"I have an opinion why gold is not taking off much faster. The Dow is also climbing and while we have guys like Kudlow and Crammer pounding the table on CNBC that we have a renewed Bull Market in general equities, gold will still be flying in under most peoples radar. It is in stealth mode. When this Dow and Nasdaq rally fails it could get even more exciting." WL

You are right the masses are certainly ignorant of the gold trend. But I am confident that will change over the course of the year. As the dollar continues to break down and inflation continues to grow people will recognize gold as a store of value. At one time during the 1970's it wasn't unusual for an investment advisor to recommend putting 5-10% of your assets into gold as protection against inflation. You have to remember inflation was running on average over 5% a year during the 1970's and at one point hit over 10% a year. People in bonds and fixed income instruments without exposure to precious metals suffered.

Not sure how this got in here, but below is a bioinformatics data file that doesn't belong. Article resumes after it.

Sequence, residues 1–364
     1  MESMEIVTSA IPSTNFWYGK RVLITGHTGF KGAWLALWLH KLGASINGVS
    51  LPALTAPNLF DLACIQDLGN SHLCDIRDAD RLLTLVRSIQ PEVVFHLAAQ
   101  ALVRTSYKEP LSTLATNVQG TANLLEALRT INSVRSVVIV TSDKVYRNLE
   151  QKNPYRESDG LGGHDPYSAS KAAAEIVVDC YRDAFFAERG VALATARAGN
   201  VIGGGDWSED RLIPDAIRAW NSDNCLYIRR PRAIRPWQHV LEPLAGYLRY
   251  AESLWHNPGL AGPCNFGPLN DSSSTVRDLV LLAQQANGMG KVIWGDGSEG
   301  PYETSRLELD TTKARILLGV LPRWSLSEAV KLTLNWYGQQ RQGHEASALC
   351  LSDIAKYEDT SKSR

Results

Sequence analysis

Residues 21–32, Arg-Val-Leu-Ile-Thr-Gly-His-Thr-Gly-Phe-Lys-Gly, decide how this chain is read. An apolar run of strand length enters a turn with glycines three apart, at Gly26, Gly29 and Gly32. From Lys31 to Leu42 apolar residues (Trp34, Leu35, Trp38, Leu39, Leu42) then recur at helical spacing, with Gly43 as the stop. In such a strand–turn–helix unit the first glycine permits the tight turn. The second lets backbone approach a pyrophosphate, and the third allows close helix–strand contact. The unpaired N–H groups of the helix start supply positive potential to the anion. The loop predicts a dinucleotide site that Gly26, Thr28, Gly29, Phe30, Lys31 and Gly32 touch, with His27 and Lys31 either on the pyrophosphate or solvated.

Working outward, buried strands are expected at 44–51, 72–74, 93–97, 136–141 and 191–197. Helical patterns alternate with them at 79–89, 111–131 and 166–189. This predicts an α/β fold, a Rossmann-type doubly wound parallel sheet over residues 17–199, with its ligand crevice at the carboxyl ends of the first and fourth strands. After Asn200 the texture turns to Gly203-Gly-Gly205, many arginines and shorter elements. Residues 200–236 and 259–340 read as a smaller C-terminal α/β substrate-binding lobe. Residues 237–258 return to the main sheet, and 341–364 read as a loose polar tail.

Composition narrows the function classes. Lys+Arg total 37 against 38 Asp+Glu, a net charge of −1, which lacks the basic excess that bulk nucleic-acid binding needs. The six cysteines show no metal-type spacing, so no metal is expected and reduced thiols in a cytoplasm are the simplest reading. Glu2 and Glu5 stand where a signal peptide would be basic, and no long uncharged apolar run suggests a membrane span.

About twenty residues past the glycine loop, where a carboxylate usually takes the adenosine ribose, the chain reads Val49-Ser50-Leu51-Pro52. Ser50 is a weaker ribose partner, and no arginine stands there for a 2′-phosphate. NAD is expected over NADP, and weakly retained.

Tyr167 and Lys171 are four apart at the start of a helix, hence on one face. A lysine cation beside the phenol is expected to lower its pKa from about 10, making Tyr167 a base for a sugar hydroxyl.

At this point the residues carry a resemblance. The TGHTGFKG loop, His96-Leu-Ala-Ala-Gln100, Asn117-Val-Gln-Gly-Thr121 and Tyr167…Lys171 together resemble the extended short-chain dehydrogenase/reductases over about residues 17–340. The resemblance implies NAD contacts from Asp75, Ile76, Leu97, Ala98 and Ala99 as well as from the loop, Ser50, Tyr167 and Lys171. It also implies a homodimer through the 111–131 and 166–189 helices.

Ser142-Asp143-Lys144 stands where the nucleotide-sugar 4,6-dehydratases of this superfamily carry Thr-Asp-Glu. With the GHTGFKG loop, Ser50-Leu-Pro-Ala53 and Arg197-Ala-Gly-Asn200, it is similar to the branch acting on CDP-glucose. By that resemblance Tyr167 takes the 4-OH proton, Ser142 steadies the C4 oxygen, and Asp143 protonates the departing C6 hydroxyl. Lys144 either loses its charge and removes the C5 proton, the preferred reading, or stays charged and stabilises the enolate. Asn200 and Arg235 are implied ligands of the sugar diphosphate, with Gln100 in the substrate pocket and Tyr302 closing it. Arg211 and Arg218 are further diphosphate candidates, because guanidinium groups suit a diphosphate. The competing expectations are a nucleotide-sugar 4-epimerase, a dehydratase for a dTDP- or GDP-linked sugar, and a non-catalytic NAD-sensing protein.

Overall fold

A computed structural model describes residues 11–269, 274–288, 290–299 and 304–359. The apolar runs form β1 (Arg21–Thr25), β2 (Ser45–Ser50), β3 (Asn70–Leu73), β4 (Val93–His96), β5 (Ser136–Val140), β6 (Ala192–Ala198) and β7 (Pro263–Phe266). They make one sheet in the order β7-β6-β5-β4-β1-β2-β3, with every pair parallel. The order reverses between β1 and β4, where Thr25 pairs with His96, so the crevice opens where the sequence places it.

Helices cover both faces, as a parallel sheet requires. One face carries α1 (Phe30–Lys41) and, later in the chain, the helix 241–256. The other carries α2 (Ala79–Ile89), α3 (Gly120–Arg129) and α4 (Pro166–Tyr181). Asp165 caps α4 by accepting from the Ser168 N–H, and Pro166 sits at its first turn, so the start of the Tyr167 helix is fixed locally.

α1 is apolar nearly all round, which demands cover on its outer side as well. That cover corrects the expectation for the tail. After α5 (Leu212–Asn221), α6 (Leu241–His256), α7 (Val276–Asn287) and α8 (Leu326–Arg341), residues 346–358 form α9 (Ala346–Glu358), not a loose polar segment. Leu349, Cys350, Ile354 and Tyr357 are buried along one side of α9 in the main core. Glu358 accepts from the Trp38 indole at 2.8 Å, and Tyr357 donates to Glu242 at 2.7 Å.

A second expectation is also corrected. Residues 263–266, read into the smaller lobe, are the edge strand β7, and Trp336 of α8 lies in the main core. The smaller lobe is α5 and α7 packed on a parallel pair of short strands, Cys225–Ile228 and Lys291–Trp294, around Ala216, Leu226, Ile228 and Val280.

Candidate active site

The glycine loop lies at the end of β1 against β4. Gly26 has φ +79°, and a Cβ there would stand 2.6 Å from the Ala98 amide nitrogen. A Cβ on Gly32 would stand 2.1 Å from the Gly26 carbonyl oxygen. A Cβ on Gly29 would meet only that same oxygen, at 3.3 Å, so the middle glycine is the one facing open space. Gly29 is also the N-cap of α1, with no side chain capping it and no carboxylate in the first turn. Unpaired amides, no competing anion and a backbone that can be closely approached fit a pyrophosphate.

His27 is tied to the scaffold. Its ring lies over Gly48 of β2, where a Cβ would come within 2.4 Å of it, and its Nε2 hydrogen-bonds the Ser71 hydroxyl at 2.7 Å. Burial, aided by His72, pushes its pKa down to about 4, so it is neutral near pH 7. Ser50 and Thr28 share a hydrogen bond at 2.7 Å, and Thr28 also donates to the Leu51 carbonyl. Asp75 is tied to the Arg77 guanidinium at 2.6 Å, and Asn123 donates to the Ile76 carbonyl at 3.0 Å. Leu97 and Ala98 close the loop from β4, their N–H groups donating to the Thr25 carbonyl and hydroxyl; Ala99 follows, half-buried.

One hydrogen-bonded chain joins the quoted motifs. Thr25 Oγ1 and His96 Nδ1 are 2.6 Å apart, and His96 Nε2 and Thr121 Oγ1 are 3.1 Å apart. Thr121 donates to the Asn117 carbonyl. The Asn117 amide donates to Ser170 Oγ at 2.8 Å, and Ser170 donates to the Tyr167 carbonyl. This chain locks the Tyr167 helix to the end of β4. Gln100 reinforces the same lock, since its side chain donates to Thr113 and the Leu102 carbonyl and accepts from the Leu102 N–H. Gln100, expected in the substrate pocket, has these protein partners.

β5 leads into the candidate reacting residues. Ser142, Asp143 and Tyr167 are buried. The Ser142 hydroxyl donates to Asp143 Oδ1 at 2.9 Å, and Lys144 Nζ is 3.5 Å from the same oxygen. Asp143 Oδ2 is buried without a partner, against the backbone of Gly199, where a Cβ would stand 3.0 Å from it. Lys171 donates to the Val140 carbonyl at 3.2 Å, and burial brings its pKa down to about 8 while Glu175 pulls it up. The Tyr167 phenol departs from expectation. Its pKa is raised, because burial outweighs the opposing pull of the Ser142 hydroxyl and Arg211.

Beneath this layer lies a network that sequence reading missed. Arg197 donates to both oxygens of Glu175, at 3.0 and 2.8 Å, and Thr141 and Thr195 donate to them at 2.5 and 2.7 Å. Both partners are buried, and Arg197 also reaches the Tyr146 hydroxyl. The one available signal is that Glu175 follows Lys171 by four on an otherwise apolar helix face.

Bull markets climb walls of worry. As they go up people are skeptical and weak hands get shaken out. It takes continual buying to fuel a market higher and some people simply have to buy at higher prices than others. When you reach a point though when everyone is in who can be, that's when a bull run comes to an end. Consequently that is also the moment at which bullish sentiment is at a peak.

Understanding how sentiment works is important, but reading it is more of an art than a science.

I believe we aren't near the top of the wall of worry for gold. I don't even know if we can even see the top from here.

"Dear Mike,
The gold/gold shares markets didn't really go down yesterday...operators were just chumming for shorts.